An Ancient Special Ops Warrior Will Do Whatever It Takes to Complete the Mission in 'The Northman'

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Northman Alexander Skarsgard
Alexander Skarsgård stars in the Viking military thriller "The Northman." (Focus Features)

Fans of contemporary fictional spec ops warriors like former SEAL James Reece (Jack Carr's "Terminal List" series), CIA agent Mitch Rapp (Vince Flynn), Court Gentry (Mark Greaney's "Gray Man" series) or even Tom Clancy's Jack Ryan and John Clark know that all these men are driven by internal forces they can't ignore to complete their missions at any cost.

Of course, modern thrillers are grafting automatic weapons, grenades, surveillance drones and missiles onto ancient stories that usually employ knives or swords. "The Northman" is a movie that takes the bones of an ancient Viking legend and uses them to build a story about a ruthless operator out to avenge his father's throne.

"The Northman" opens in theaters on April 22, 2022.

Director Robert Eggers decided to tell this story after meeting Swedish actor Alexander Skarsgård, who'd been trying for years to make a movie based on the Scandinavian legends of his childhood. Skarsgård is best known for his role on the HBO series "True Blood," but he's had some previous action experience in the Iraq War series "Generation Kill" and as Randall Flagg in the recent series remake of Stephen King's "The Stand."

Skarsgård is ripped as Amleth, a prince forced to flee his home after seeing his father, King Aurvandil War-Raven (Ethan Hawke, "Moon Knight"), murdered by his Uncle Fjölnir (Claes Bang, "The Last Vermeer"). Once his uncle kidnaps his mother. Queen Gudrún (Nicole Kidman, "Big Little Lies"), the young Amleth vows to fulfill the promise he made to his father that he would avenge him after death.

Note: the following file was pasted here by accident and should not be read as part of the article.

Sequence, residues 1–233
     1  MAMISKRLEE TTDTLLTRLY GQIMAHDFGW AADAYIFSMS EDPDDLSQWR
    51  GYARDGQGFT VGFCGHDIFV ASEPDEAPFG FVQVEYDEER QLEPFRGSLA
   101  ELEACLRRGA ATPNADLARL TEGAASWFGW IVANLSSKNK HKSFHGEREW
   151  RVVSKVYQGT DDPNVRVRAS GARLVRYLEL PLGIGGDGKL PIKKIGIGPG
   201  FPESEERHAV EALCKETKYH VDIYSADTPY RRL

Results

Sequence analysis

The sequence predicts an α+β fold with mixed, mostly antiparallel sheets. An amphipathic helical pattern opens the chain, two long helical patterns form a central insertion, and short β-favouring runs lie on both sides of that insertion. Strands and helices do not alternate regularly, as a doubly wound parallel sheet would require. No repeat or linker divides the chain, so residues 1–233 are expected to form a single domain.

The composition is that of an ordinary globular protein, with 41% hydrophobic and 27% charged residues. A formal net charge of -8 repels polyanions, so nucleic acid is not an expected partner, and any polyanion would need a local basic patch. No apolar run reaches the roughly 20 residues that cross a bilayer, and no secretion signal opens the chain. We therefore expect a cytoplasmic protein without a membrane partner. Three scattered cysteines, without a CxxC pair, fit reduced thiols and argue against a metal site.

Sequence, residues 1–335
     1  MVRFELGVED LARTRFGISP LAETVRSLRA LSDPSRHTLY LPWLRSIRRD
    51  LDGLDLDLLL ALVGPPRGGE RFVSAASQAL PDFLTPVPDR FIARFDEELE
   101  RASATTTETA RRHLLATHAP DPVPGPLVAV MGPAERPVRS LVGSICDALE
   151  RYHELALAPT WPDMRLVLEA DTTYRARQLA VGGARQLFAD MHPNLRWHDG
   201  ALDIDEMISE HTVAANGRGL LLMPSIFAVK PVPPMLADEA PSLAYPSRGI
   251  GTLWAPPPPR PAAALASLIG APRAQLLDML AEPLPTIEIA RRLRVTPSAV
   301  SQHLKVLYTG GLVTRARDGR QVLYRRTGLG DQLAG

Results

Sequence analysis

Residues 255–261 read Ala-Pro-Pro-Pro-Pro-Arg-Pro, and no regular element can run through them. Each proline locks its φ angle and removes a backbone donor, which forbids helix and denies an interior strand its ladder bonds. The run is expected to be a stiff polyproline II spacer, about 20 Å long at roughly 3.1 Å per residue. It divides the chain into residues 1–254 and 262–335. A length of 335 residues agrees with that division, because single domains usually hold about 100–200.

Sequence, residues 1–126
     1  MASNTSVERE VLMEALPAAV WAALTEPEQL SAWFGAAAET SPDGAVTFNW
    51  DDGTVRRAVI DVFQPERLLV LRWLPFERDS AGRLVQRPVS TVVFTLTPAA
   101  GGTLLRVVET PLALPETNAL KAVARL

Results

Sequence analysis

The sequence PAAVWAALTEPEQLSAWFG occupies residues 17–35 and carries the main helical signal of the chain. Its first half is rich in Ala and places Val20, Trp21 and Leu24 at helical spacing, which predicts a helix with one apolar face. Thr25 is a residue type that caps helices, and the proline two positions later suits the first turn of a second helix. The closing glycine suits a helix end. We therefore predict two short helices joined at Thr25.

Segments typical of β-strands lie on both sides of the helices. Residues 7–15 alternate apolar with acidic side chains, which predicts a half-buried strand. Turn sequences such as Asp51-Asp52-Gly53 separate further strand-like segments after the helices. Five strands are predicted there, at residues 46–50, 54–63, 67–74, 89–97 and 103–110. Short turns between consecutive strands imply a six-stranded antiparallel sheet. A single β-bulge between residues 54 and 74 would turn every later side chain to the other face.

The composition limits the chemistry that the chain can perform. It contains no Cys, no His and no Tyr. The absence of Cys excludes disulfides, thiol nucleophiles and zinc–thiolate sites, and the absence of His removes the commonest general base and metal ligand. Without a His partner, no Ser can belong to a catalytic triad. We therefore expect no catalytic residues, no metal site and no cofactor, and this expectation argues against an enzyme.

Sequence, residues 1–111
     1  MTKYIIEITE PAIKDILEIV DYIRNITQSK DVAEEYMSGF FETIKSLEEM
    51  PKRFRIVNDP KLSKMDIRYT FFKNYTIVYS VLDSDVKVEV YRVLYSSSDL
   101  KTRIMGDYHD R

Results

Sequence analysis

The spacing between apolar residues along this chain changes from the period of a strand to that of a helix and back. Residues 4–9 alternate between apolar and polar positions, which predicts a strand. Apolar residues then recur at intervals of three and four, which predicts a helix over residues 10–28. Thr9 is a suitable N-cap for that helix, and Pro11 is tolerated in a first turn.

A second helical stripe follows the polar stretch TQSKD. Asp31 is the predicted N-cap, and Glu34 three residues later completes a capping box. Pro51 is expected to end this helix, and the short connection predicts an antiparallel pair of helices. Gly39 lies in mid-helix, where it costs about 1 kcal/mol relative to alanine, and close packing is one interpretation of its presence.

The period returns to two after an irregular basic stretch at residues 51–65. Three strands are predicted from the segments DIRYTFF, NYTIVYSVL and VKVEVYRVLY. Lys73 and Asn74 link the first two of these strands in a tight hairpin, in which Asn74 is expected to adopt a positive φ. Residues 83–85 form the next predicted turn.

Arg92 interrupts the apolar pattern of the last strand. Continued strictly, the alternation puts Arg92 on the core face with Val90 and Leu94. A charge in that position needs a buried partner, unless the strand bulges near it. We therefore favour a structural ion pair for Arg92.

Of course, he's just a kid who's trying to survive a trauma, and he's mostly forgotten that vow when we pick up 20 years later. Adult Amleth has become a Viking berserker, carrying out raids on behalf of his commander and afterward gathering around the fire for some chest-beating, warrior chanting and howling at the moon.

Eggers is the director who made "The Witch," the 2015 horror movie about 17th-century New England witch lore, and he doesn't skimp on the supernatural in "The Northman." There are mysterious seers, witches, incantations and hallucinations of the future fueled by potions brewed over a campfire. Since anthropologists and military historians have speculated that ancient warriors were all hopped up on something strong as they headed into battle, the ghosts and spells portion of the story may fit more into the real world of the times than we'd realize.

Amleth's quest is fueled by a meeting with a blind seer played by the Icelandic singer Björk. She reminds him of his vow, and the prince sets out to locate his mom and hold Uncle Fjölnir accountable. Going undercover as a slave, he's sold to Fjölnir and meets fellow slave Olga of the Birch Forest (Anya Taylor-Joy, "The Queen's Gambit," "The Witch") on the journey.

Fjölnir couldn't keep the crown he stole from his brother, so the family is sheep farming in a remote location. Amleth embarks on a stealth mission designed to inflict maximum terror on Fjölnir's family before revealing his true identity.

The combat is up close and relentless throughout the movie. Sharp blades can do terrifying damage to the human body, and "The Northman" emphasizes the kind of blood and viscera that action movies usually neglect to show. If the trailer embedded above doesn't convince you, have a look at the age-restricted red band trailer.

Amleth does everything he must to keep his mission on track, no matter how heartless. He's going to uncover the secrets of his family and avenge his father's throne to fulfill his vow, no matter what the cost. Once Fjölnir sees him coming, the movie's final climax is inevitable.

Eggers shot much of the movie on locations in Iceland, and the scenery is as spectacular as anything ever captured for a feature film. The actors report that the filming was cold, muddy and wet, but that everyone knew the footage captured would be worth the discomfort.

"The Northman" was a very expensive movie to make, and it's definitely not for all audiences. The representation of combat will be too intense for some, especially since all the killing is of the hand-to-hand variety. If you're looking for a movie that's both thrilling and a serious look at the psychic consequences of battle, then "The Northman" is a movie you shouldn't miss.

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